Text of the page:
Toward a universal flu vaccine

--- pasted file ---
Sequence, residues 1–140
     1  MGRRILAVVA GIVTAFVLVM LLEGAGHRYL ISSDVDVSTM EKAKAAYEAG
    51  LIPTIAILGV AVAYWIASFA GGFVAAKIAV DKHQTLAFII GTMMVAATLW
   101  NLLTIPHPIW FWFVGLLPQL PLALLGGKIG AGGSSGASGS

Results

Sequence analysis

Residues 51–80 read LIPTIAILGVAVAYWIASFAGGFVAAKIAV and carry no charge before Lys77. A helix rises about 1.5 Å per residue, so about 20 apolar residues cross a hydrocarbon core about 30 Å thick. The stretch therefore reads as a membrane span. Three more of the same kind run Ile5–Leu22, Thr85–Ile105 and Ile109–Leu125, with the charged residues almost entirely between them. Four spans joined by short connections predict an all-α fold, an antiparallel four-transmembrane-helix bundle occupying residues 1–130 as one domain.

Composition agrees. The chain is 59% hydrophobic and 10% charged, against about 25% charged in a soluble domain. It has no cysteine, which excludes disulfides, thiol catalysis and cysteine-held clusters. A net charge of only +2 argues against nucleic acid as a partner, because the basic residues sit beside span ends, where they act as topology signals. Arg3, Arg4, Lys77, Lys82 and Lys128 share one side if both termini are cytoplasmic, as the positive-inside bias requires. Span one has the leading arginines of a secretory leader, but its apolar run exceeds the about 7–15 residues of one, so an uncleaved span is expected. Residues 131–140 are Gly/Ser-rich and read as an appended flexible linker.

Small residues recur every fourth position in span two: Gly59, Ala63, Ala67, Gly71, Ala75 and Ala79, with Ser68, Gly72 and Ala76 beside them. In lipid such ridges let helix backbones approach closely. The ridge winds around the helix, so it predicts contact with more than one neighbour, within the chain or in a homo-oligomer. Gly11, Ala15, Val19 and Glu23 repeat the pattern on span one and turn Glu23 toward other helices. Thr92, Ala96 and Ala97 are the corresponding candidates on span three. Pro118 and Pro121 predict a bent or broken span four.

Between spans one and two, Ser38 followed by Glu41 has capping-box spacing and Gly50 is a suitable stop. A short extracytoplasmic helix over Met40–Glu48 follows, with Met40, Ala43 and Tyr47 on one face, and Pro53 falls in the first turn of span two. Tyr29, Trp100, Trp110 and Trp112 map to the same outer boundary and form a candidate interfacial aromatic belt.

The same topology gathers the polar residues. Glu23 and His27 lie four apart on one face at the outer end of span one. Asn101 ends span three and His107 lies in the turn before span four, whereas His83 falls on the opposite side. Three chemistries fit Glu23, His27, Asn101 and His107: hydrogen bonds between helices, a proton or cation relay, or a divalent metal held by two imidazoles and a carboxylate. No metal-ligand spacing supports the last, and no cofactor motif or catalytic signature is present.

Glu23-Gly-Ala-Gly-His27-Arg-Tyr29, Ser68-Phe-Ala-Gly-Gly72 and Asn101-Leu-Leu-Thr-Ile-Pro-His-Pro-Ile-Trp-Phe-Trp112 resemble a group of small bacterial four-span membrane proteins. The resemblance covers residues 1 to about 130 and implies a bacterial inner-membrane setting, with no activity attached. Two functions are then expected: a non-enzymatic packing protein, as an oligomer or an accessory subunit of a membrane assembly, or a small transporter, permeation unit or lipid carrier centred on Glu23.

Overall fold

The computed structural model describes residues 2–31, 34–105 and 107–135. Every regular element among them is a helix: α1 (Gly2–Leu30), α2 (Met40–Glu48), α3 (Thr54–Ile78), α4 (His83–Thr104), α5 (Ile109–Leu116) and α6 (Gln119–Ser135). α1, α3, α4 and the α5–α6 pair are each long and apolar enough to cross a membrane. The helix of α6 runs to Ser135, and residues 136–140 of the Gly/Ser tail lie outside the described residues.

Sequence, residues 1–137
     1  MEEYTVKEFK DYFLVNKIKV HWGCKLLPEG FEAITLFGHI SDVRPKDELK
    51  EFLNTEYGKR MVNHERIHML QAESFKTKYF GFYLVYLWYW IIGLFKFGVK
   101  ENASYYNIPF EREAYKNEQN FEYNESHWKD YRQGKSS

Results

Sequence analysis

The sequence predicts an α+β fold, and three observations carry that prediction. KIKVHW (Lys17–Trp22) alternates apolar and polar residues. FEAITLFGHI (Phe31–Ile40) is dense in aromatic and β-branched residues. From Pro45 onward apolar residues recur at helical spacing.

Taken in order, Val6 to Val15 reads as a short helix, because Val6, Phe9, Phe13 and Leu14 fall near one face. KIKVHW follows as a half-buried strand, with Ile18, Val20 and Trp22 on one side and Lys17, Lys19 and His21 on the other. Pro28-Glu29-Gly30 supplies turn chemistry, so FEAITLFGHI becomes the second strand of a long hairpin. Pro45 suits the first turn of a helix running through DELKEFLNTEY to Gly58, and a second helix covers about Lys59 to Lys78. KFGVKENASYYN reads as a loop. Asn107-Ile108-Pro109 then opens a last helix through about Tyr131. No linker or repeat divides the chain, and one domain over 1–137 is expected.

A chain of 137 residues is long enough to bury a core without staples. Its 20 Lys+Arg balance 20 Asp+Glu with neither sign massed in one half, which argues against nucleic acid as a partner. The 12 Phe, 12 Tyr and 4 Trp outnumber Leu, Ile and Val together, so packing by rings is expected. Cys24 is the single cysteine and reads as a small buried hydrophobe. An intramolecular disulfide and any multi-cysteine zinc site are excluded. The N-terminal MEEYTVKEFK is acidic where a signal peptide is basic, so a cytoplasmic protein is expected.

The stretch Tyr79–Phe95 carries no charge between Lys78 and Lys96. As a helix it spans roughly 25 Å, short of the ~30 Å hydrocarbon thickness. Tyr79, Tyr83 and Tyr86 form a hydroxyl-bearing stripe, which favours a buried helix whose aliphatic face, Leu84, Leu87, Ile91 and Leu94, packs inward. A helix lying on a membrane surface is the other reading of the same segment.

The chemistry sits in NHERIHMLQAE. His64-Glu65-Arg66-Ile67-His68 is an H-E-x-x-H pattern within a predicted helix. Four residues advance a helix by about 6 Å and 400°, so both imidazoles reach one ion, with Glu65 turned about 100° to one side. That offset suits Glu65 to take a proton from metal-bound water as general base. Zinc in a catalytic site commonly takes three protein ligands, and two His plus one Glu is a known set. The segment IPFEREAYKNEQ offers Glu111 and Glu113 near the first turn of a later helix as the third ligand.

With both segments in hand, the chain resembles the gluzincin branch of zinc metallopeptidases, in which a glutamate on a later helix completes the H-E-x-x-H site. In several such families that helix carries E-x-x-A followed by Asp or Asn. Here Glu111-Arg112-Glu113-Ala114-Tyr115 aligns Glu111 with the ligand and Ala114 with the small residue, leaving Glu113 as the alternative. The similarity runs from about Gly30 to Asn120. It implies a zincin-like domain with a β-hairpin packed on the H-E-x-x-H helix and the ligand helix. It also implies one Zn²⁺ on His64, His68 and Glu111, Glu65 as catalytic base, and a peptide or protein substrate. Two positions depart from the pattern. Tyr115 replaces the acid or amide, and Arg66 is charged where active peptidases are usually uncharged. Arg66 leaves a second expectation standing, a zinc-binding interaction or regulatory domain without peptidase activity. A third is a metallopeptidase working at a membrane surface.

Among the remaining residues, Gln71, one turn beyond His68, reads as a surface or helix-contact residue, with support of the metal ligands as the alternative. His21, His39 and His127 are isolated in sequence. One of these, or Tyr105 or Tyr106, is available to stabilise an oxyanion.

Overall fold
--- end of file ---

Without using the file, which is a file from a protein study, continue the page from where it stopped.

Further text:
Influenza virus infections pose a major public health threat, accounting for 3.5 million severe infections and more than 400,000 deaths globally each year (1). Most seasonal vaccines consist of inactivated influenza virus components, which induce antibody responses against immunodominant epitopes in the viral hemagglutinin (HA) and neuraminidase (NA) proteins. The genes that encode HA and NA undergo continuous changes (antigenic drift), which necessitates annual reformulation and revaccination, leading to reduced vaccine coverage. Vaccine effectiveness thus varies depending on the accuracy of preseasonal predictions, and inactivated seasonal influenza vaccines generally provide insufficient protection against pandemic viruses (2). On page 869 of this issue, Wang et al. (3) explore an unconventional strategy to overcome these shortcomings by complementing inactivated influenza virus vaccines with an adjuvant that triggers mucosal immune responses to elicit rapid protection against a variety of influenza virus strains in mice and ferrets.